The AUD 129 million, 17 000m² Melbourne School of Design (MSD) is a state-of-the-art educational building that has made a significant impact on Australia’s highest ranked university, The University of Melbourne.
The multi award-winning building features technologically advanced and highly flexible studios, auditoria, lecture theatres, exhibition spaces, administrative and research work areas, as well as a library.
Impressively, it is the largest of only twelve buildings in Australia to receive the industry lauded Green Buildings Council of Australia (GBCA) 6-Star rating and it is the only building to merit all ten innovation points possible during evaluation.
In collaboration with Brookfield Multiplex, local firm John Wardle Architects, and Boston-based firm, NADAAA, Aurecon rose to the brief which challenged the team to deliver a living, pedagogical building exemplifying sustainable design and 'transformative teaching’.
The pedagogy outlined in the initial project brief also presented a few obstacles in terms of finding the right balance of exposed and hidden services, while the building’s ceiling areas were created using a wide variety of building materials, including open areas, perforated sections and transparent ceiling materials, as well as solid materials.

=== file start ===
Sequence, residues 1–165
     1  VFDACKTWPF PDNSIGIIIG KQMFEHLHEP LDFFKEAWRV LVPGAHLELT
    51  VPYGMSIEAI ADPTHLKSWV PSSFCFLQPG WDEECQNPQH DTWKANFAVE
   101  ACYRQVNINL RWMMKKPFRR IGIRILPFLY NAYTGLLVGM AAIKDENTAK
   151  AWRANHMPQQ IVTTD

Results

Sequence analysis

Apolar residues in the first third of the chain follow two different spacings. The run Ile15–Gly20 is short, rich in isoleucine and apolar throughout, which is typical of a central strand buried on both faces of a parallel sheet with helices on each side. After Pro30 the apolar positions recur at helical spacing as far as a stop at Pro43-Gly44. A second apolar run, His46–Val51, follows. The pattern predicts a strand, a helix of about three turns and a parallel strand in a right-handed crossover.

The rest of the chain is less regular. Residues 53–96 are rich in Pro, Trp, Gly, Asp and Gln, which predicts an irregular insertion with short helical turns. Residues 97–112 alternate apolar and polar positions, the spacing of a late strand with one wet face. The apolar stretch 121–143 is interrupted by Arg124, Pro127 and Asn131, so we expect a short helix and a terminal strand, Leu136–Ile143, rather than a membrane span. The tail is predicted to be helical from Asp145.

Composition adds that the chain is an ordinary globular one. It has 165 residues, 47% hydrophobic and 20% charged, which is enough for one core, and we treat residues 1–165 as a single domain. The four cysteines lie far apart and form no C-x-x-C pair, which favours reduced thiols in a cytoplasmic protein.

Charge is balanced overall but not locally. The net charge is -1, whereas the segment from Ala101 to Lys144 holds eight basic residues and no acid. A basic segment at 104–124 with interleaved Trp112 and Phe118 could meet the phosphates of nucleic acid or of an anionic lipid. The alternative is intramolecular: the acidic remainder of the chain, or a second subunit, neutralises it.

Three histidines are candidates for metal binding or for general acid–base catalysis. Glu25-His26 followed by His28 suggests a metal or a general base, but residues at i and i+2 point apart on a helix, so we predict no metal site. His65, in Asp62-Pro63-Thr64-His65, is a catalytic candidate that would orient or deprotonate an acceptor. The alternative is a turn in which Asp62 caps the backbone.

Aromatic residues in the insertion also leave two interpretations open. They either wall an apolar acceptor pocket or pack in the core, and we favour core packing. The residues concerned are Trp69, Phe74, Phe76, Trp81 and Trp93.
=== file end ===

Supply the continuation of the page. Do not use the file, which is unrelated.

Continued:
A key project challenge was to retain and incorporate the historic Joseph Reed sandstone facade into the western facade of the new building. Whilst posing a number of design and logistics challenges, the project team successfully produced beautiful result that was critical to the project achieving one of the innovation points for cultural heritage.
A key feature of the MSD is the open plan clustered workspace, housing over 60% of academics, which also includes a hanging studio with atrium. Extensive vertical timber surfaces, as well as the timber trusses to support the atrium roof, were used and this hanging studio was treated as a separate floor area within the main academic space. The entire area achieves excellent daylight and natural ventilation.
Key to creating a living, learning environment was to design the MSD as an evolving teaching tool. To achieve this, pedagogical features including windows into the plant rooms, exposed structural elements, and access to water and energy usage data were incorporated to create a transparent learning environment whereby students and staff alike can observe and interact with the building’s functionality.
The transparent nature of the building also highlights the activities of students and staff to the wider community by encouraging peer learning amongst academic peers and the general public to bear witness to research and teaching activities conducted within the field of design.
The MSD was delivered four months ahead of schedule for beneficial use in September 2014.